Ethiopia has since acknowledged that Eritrean forces were in the Tigray region.
In February 2021, Amnesty International reported a series of abuses in Aksum allegedly committed by the Eritrean Defence Forces (EDF) during this period.
However, it was not possible to prove or verify these claims using FIRMS and satellite imagery alone.
Join the dots….by connecting the date sequence of NASA FIRMS satellite fire detections this map clearly shows two offensive routes starting at the Eritrean border into Tigray. pic.twitter.com/fWgEotceBh
— FIRIS – Fire in Settlement (@FIRIS_FireAlert) December 22, 2020
Spotting Significant Events
Let’s take a look at another case study from a different part of Tigray, further west.
Five groups of fire and thermal anomalies were detected in northwestern Tigray on February 22, 2021.
Historical data from January 2020 until January 2022 taken from FIRMS, and uploaded to the Kepler visualisation tool (below), shows that western Tigray appears to be affected by seasonal or agricultural fires between June and September.
Fires in group one and two in the map above were detected in the Kafta-Sheraro National Park and directly south, a region dominated by vegetation that burns frequently and where fire activity is very high, according to longer-term records. Hotspots in groups four and five, however, warrant further investigation as these areas appear to have had little fire activity in the years prior (visible in February 22 in the GIF below).
The cluster of hotspots in group four were detected along a road in a rural area that had no other record of fires in the previous years. This increases the probability that these fires are unrelated to seasonal burning and could be linked to human activity.
FRP values of up to 20 MW with confidence levels ranging from nominal to high reduces the likelihood of these readings being false positives.
These factors suggest that this location is a good candidate for satellite image tasking in order to investigate a potential war incident.
For example, Reuters reported at the time that satellite imagery showed more than 500 structures had been destroyed in this region, near Gijet town. The Reuters report leaned on work by the DX Open Network group (now known as Vigil Monitor) which analysed satellite images of the area based on an initial FIRMS analysis.
A month later, SkyNews visited the area and reported that hundreds of houses had been destroyed and dozens of people had allegedly been murdered by ENDF soldiers.
Satellite imagery, while still open source when it is commercially available, is extremely useful for all types of investigations. However it can come at a cost to direct or “task” a satellite to take a picture at a precise location. Bellingcat has an agreement with Planet Labs. But other providers such as Maxar also provide this service.
Still, if you do not have access to satellite tasking, you can check freely available satellite imagery sources such as Sentinel Hub EO, which is updated every couple of days.
Depending on when the data has been collected, Sentinel Hub EO allows the cross referencing of hotspots detected by NASA FIRMS or vice versa.
For example, in the previous case study detailing potential troop movements, the VIIRS instrument aboard Suomi NPP and NOAA-20 detected hotspots near Gijet on February 22, 2021.
The Sentinel EO Browser shows satellite imagery at the same location from earlier on the same day, which appears to capture light smoke plumes that indicate potential active fires.
Oftentimes, however, smoke or burning areas are not so easy to identify on satellite imagery.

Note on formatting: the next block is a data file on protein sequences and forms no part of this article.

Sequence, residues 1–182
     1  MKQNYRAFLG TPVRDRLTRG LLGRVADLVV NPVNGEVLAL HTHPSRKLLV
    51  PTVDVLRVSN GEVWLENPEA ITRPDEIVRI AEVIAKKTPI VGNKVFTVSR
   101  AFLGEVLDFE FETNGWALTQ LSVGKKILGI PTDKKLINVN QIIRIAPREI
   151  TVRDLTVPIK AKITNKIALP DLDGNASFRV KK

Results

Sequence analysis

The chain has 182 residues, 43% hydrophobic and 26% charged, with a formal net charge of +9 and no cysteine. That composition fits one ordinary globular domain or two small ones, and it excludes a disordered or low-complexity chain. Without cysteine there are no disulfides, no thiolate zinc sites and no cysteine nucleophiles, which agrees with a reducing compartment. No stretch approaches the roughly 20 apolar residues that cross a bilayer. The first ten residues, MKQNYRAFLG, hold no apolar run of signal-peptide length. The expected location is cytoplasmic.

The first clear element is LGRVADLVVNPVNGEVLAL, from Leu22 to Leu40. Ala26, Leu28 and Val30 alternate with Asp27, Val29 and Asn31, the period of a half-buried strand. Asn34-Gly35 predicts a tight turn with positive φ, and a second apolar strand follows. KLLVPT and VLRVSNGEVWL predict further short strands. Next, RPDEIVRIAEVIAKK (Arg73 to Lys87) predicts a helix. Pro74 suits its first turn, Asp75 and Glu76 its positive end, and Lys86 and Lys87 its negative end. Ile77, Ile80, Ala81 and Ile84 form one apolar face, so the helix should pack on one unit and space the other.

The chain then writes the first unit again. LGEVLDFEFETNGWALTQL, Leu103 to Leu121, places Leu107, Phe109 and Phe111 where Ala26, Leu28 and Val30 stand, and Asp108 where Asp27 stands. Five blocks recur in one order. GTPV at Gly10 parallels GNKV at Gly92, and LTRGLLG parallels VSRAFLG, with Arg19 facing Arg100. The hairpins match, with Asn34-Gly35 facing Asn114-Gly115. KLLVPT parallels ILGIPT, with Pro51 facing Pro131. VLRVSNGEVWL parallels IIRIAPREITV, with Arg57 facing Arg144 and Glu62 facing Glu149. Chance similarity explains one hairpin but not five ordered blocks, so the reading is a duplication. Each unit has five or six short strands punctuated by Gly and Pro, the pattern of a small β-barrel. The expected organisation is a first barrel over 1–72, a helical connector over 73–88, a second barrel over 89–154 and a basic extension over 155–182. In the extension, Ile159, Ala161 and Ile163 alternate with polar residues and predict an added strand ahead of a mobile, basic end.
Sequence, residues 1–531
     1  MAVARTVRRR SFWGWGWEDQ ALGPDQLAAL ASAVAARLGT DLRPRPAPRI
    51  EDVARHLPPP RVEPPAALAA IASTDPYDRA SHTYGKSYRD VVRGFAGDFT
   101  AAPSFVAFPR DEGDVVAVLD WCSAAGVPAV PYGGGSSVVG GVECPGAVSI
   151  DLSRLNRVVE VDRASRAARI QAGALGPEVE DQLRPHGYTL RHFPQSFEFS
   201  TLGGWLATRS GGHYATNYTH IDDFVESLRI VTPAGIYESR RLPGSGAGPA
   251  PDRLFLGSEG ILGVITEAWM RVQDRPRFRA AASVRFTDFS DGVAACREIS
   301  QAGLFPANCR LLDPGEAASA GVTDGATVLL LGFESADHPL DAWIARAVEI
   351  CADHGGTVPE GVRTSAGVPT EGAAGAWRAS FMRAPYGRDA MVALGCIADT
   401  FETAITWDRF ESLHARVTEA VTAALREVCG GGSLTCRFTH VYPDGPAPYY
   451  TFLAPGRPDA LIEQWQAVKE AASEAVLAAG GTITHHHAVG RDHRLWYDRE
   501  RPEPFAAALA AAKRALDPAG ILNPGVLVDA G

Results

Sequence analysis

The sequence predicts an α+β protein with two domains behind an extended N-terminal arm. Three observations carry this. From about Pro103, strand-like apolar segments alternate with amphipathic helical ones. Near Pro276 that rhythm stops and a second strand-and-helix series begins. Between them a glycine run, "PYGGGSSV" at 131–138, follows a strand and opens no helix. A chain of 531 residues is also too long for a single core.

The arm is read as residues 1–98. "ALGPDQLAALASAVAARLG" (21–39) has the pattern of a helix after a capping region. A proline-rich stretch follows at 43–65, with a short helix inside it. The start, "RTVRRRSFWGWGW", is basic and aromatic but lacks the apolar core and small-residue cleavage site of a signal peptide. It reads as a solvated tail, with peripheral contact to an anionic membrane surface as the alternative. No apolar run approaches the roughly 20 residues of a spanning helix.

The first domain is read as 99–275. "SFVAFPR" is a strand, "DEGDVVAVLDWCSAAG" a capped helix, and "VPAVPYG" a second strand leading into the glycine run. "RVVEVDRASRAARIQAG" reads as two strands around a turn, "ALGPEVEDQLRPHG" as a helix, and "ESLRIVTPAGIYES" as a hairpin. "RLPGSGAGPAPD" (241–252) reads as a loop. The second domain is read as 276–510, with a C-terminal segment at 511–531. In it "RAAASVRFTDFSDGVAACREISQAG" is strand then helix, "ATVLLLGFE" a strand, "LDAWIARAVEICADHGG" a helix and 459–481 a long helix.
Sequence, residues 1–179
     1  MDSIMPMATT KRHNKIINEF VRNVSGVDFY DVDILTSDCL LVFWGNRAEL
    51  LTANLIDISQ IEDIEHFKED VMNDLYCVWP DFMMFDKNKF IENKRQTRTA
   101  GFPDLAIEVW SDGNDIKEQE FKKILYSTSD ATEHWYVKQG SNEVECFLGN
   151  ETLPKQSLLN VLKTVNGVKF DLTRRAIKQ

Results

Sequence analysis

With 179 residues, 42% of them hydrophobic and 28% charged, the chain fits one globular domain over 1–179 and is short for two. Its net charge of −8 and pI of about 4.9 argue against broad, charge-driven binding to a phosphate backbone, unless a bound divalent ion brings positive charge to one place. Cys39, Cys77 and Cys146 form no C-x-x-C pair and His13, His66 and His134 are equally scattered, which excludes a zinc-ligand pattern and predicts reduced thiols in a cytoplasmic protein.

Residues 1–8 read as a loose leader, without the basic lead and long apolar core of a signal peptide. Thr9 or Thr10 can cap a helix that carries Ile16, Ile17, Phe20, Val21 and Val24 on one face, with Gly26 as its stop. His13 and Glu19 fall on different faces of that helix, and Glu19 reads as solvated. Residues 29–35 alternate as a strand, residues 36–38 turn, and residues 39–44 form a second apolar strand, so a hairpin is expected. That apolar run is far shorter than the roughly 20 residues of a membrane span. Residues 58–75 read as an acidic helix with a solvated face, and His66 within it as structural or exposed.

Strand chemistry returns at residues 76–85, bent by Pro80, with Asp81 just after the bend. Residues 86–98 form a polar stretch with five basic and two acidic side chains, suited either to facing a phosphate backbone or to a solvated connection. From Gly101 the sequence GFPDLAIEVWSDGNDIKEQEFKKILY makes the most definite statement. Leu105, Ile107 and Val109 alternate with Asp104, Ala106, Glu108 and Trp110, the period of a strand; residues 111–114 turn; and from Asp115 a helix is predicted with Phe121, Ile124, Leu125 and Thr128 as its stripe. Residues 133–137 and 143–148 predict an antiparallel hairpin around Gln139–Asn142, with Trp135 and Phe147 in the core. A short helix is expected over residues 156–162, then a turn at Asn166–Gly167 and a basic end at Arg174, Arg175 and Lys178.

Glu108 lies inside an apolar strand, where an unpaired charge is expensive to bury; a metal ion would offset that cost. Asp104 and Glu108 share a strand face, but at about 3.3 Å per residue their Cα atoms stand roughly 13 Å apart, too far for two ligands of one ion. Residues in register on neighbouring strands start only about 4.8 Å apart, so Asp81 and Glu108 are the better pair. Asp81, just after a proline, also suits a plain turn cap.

Switching on the wildfire visualisation composite layer in the Sentinel Browser will highlight hotspots in a combination of red, orange and yellow to indicate potential active fires with a good correlation with smoke plumes too. This visualisation layer is based on a script from Pierre Markuse using Sentinel-2 data.
This guide shows how to activate the wildfire visualisation on the Sentinel EO Browser.
It is important to note that the highlighted areas do not show confirmed fires; they are just a representation of infrared emissions which, according to Markuse, usually align well with active fires. It is also important to consider that the sensitivity value predetermined in the script using infrared emissions can generate false positives.
Final Notes on FIRMS
NASA FIRMS fire data analysis has become an essential tool for many open source analysts who monitor and research war zones.
As we have learned, it can be used to help verify information and generate investigative leads.
FIRMS data can be available within three hours after it has been captured, which is very quick in comparison to satellite imagery available from services that are free to use.
Analysis of FIRMS fire data, in conjunction with other sources and technical expertise, can also provide the necessary intelligence to task a satellite to gather more evidence. Yet contextual information about the geographical location and the conflict in question should always be considered to eliminate false positives or to understand the potential meaning of the data.
The wildfire layer feature in the Sentinel Hub EO browser can be used to verify fire instances detected or missed by FIRMS. It also helps to visually identify smoke or burning areas that are too small and difficult to spot.
It is important to note that satellite-derived active fire/thermal anomalies have limited accuracy and should be treated carefully. Please read the following disclaimer.
For this report, Bellingcat acknowledges the use of data and/or imagery from NASA’s
Fire Information for Resource Management System (FIRMS) (https://earthdata.nasa.gov/firms), part of NASA’s Earth Observing System Data and Information System (EOSDIS).
We also acknowledge the use of imagery from the Worldview Snapshots application (https://wvs.earthdata.nasa.gov), part of the Earth Observing System Data and Information System (EOSDIS).